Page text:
Curtis Darryl Jenkins, Petitioner-appellant, v. United States of America, Respondent-appellee, 954 F.2d 724 (6th Cir. 1992)

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US Court of Appeals for the Sixth Circuit - 954 F.2d 724 (6th Cir. 1992) Feb. 6, 1992

Before NATHANIEL R. JONES and DAVID A. NELSON, Circuit Judges, and LIVELY, Senior Circuit Judge.


Curtis Darryl Jenkins, a pro se federal prisoner, appeals the district court's denial of his motion to vacate his sentence filed pursuant to 28 U.S.C. § 2255. This case has been referred to a panel of the court pursuant to Rule 9(a), Rules of the Sixth Circuit. Upon examination, this panel unanimously agrees that oral argument is not needed. Fed. R. App. P. 34(a).

Pursuant to a plea agreement, Jenkins entered a plea of guilty to possession with intent to distribute crack cocaine and the use of a firearm during drug trafficking. He was sentenced to serve seventy-eight (78) months on the crack cocaine charge and a sixty (60) month consecutive term on the firearm charge.

On April 1, 1991, Jenkins filed a notice of appeal with this court which was dismissed for want of prosecution. On April 4, 1991, he filed a § 2255 motion asking the district court to vacate sentence on the ground that he should have been given a "lesser sentence." He essentially alleged that in sentencing him, the district court should have departed below the applicable sentencing guideline range.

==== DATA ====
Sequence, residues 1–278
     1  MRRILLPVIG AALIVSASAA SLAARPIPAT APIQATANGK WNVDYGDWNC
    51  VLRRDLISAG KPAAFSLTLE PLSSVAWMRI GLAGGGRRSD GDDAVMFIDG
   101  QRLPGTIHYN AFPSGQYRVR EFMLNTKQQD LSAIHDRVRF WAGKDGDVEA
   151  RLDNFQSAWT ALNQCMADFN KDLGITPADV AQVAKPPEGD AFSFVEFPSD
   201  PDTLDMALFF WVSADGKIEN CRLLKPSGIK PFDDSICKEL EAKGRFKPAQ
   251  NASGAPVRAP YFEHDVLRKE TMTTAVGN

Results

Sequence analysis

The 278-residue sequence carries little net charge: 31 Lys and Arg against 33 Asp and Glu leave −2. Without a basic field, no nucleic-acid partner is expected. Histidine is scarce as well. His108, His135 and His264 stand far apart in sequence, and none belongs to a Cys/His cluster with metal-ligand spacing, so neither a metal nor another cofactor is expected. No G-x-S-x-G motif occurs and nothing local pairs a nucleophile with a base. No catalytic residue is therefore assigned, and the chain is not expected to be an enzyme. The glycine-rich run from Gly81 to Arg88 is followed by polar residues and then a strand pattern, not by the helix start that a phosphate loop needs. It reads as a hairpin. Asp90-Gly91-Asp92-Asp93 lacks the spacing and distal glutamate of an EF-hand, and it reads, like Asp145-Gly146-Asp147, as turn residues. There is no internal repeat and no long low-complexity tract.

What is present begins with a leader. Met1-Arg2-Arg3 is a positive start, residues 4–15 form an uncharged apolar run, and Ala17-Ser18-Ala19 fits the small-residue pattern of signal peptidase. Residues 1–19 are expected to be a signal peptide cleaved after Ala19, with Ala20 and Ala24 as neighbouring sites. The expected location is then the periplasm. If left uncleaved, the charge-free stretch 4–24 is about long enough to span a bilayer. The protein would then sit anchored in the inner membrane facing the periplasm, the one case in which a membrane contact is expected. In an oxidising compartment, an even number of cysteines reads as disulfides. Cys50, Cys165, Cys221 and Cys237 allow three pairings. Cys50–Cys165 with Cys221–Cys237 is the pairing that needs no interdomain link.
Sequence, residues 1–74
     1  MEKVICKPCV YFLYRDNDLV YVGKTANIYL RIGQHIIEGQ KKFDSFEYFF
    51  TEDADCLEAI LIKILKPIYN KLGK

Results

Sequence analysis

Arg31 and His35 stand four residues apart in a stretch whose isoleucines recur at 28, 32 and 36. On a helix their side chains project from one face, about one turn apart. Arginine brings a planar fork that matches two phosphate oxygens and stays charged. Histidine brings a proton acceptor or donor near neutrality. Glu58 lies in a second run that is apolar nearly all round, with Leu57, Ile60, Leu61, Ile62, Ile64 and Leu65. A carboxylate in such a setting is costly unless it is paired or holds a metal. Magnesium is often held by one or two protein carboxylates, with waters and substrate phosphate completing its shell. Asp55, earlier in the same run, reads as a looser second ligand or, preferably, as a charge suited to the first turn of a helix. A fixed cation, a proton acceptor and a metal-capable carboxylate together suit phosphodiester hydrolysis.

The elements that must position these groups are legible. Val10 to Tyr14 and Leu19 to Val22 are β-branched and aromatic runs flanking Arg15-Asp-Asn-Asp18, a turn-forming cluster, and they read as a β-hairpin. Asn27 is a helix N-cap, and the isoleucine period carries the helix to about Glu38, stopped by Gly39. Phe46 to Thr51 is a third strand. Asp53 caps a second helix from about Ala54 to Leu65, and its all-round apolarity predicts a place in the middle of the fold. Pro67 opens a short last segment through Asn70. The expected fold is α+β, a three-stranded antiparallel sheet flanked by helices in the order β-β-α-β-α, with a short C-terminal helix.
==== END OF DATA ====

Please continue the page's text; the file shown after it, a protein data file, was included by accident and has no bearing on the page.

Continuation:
The district court found that his claim was meritless and denied his § 2255 motion. Jenkins filed a motion for reconsideration at which time he raised for the first time two new issues: invalidity of his guilty plea due to mental incompetency and ineffectiveness of his counsel's representation because of failure to request a competency evaluation. The district court denied the motion for reconsideration, finding Jenkins had not demonstrated any defect which misled the court and, if corrected, would change the court's disposition of the matter. Jenkins then filed a second motion for reconsideration and a timely notice of appeal. His second motion for reconsideration was denied by the district court.

On appeal, Jenkins argues that he did not understand the consequences of his guilty plea because of mental incompetency and that his counsel's representation was ineffective. He also requests the appointment of counsel. Both parties have filed briefs. Upon review, we affirm the district court's judgment.

Jenkin's claim that he is entitled to a lesser sentence than that given by the district court has been abandoned on appeal and is therefore not reviewable by this court. See McMurphy v. City of Flushing, 802 F.2d 191, 198-99 (6th Cir. 1986).

Jenkins is barred from asserting the claims of mental incompetency and ineffective assistance of counsel because he did not raise them in his direct appeal, and he has not shown cause for his failure to do so and prejudice resulting from that failure. See United States v. Frady, 456 U.S. 152, 167-69 (1982); United States v. Walsh, 733 F.2d 31 (6th Cir. 1984).

Accordingly, Jenkins's request for appointment of counsel is denied and the judgment of the district court is hereby affirmed. Rule 9(b) (3), Rules of the Sixth Circuit.